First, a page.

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While I agree with @mwo's answer, I'd like to add that an obviously thematic name may work better if it's a nickname rather than one's true name. If Digit is better known to her family as Lisa, for example, and throughout the book there are a few people who call her Lisa (even if only for a few moments of the novel) while everyone else prefers her Digit moniker, then it will be more acceptable even for genre-savvy readers. After all, one thing is to be nicknamed in reference to your skills and interests, another very different is to have one's parents to miraculously choose the name that will fit a baby's future interests. Though it would be funny if one's parents chose 'Digit' only for the child to grow up with an aversion to technology.

Another good idea is to keep such thematic names subdued. I often like to choose names based on their meaning, but I rarely choose obvious names. For example, if you would like a character's name to be related to love, Amy would be a more subdued choice than Aimée or Amanda (I'm Portuguese, so Amanda is always much too obvious for me).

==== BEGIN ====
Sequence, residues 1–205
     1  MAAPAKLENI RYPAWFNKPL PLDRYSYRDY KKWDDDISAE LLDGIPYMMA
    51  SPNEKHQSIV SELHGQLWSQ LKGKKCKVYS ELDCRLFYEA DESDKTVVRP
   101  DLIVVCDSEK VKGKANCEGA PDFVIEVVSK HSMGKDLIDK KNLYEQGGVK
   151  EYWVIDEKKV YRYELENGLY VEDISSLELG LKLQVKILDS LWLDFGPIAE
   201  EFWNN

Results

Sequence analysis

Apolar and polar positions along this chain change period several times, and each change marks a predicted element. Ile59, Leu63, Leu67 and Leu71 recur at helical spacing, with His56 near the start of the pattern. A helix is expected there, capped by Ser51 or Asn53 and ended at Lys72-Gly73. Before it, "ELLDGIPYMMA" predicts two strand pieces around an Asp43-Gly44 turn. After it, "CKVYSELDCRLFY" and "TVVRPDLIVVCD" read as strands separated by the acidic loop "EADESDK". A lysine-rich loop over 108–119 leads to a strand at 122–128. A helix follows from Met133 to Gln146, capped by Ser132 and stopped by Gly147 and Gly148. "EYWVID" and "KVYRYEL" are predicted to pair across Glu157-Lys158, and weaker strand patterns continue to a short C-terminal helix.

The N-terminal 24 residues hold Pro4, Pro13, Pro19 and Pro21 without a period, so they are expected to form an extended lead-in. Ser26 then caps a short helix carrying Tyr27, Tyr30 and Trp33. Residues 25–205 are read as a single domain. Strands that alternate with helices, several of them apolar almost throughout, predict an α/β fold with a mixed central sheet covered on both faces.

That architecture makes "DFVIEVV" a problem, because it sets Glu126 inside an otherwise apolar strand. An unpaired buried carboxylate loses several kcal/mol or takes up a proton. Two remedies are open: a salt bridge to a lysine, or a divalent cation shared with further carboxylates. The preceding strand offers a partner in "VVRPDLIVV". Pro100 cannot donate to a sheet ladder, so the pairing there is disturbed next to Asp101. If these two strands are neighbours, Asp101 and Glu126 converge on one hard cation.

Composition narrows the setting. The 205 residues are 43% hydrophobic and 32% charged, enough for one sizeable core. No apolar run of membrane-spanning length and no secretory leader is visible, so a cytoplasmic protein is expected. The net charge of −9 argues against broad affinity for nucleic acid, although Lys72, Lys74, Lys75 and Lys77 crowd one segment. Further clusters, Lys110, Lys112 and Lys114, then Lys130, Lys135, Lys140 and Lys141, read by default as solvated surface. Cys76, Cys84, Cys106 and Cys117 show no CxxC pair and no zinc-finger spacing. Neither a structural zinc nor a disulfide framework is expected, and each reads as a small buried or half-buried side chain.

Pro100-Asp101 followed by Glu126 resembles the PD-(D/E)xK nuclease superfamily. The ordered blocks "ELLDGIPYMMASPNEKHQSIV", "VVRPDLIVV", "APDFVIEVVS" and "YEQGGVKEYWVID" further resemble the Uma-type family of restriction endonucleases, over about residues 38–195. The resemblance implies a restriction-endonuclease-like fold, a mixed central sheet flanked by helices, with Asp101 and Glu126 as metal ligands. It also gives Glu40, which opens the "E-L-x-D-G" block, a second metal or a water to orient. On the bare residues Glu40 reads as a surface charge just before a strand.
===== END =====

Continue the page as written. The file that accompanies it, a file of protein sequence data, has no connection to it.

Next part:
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Characters with memorable names almost always endure in the imaginations of people long after the end of the novel. Voldemort is a great name. It rolls off the tongue, so easily and is still clever as it has death in it! However, if the writing didn't support the character name, it would appear awkward and uninterestng... Personally, I think digit is a good name. Its "cute", in the way that it conjures up a character who is sassy, clever..and it rolls off the tongue. I think Charles Dickins had amazing memorable names.

  • Hi! Welcome to Writers.SE! So, it sounds to me like you're saying thematic names work, if they're memorable, if they give a strong impression, basically if they work well in all the other regards. Is that about right? – Standback Mar 22 '17 at 12:29